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Open Source's Only Friend
Lumbering into the large, slightly faded ballroom of The Palace Hotel in San Francisco, a crowd of mid-level and upper-level IT managers gathered to listen to the morning Open Source Business Conference keynote from Red Hat CEO and President Matt Szulik.
This is an interesting conference in the Linux and open source conference lineup: it's official goal is getting attendees to realize how open source can practically fit within their companies. Unofficially, it's about getting vendors and customers together. Yes, the topic is technology, but this is a business conference, no bones about it.
Conference Chair Matt Asay opened the conference with a recap of where open source is right now, citing $2 billion of investment in open source since 1997.
Asay came out swinging against recent attacks on open source, not the least of which are the alleged 235 infringed patents Microsoft has claimed against Linux. Asay believes that this is part of the growth of open source, that it's only natural for detractors to come out of the woodwork as open source gets more successful.
"In the end," Asay told the crowd of over 300, "open source's only friend is the customer."
It was Asay's hope that conference goers would learn how respond to all of these attacks on open source as open source accelerates.
Szulik, fresh from the recent Red Hat Summit, opened his presentation with one of the techno-multimedia-marketing presentations that Red Hat has been known for in the last couple of years. The "You Are Here" short movie featured historical comments from inventors who never thought certain technologies would go anywhere (Thomas Edison's detraction of the commercial value of the phonograph, Bill Gate's infamous "640K is enough memory for anybody" statement).
When he got going, Szulik picked up on the acceleration theme and cited something interesting: the entry level for anyone to start a technology business has never been lower: thanks to the availability of x86 machines, the LAMP stack, and so many free and open tools.
Szulik also emphasized that the time for advocating open source as a concept has passed: "Open source doesn't need to be legitimized. What needs to be legitimized is the shift of open source as a value-based business model."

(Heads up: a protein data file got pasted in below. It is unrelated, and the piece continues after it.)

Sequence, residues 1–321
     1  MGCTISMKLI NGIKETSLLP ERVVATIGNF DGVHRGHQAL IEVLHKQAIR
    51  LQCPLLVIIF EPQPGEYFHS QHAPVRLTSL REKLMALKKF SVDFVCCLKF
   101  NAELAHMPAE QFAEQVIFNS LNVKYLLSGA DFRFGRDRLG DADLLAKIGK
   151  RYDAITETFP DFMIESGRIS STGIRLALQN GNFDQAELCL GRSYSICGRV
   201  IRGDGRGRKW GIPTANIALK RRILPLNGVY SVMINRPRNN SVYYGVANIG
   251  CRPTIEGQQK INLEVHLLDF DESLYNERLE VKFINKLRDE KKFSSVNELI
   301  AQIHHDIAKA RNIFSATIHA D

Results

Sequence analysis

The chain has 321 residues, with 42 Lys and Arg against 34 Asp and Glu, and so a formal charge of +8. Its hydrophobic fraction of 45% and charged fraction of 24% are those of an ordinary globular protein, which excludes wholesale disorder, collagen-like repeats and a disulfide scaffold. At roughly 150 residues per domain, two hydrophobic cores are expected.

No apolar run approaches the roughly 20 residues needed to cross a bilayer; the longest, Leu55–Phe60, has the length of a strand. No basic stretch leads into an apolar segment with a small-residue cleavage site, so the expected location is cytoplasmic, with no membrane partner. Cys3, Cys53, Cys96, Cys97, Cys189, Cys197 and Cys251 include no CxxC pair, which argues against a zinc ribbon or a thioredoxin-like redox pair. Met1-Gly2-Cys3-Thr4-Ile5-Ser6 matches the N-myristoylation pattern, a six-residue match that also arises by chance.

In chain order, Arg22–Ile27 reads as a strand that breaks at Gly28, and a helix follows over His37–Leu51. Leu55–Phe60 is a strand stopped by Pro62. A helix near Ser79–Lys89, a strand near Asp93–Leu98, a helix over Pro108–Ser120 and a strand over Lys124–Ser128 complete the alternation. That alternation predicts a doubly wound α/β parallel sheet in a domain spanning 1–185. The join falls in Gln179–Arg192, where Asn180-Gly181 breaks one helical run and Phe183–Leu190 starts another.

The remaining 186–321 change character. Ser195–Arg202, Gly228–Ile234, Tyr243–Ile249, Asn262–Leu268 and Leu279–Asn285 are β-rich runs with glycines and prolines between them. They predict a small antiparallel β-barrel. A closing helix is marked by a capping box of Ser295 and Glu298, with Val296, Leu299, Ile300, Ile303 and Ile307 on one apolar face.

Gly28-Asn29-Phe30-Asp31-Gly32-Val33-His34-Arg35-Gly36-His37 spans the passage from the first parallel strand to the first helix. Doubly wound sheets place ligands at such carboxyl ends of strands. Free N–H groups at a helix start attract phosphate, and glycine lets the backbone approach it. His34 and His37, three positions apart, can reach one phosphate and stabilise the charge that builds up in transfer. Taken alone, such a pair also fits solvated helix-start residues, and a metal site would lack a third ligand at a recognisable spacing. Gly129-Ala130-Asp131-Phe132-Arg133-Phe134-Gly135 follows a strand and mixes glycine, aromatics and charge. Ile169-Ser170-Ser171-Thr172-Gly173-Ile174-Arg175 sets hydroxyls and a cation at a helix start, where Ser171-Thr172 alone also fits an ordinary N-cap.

The threat to proprietary vendors, in Szulik's opinion, is that the argument is moving away from cost and over to value. Open source has long beat proprietary vendors on cost, and now customers are seeing it can take on proprietary vendors on value, too.
One potential opportunity for open source is the "trillions of dollars" wrapped up in so many global legacy IT systems out there. After all, IT did not just start in 1997. Governments, financial services, defense departments... all use legacy systems that need to be integrated with current systems, or upgraded and consolidated to current technology levels.
But it's not just dealing with the 1s and 0s, Szulik added. The open source IT industry needs to develop the service levels needed to effectively deal with customers. There is a strong need to undo the bad relationships created by proprietary vendor lock-in, and build new relationships that repairs that damage.
Interoperability is another opportunity/challenge. What vendors call interoperability, Szulik calls standards, something he pushes with customers all the time. "Interoperability" might really refer to a vendor trying to get a hold of the market.
On the topic of patents, Szulik reminded the audience that every prominent member of the open source community he has spoken to has been respectful of intellectual property. "This is not a renegade operation." The argument should be flipped around. It's not about patents, it should be about innovation going forward, with a big dollop of education to get people informed about public licensing.
"People want to share knowledge. Is it hard? It's very hard," Szulik said. As an example, he cited a recent conversation with a Chancellor at the University of North Carolina where Szulik learned that 11 years of cancer research had to be thrown away because of system incompatibilities.
Szulik spoke passionately about what he sees about open source as a vendor, mirroring the tone of his keynote from the Red Hat Summit a couple of weeks ago. Clearly, Szulik is continuing his mission to preach the Gospel According to Open Source. I don't say that in a mocking way; it's good to get motivated about what we're dealing with on a daily basis, especially when you want to find new opportunities.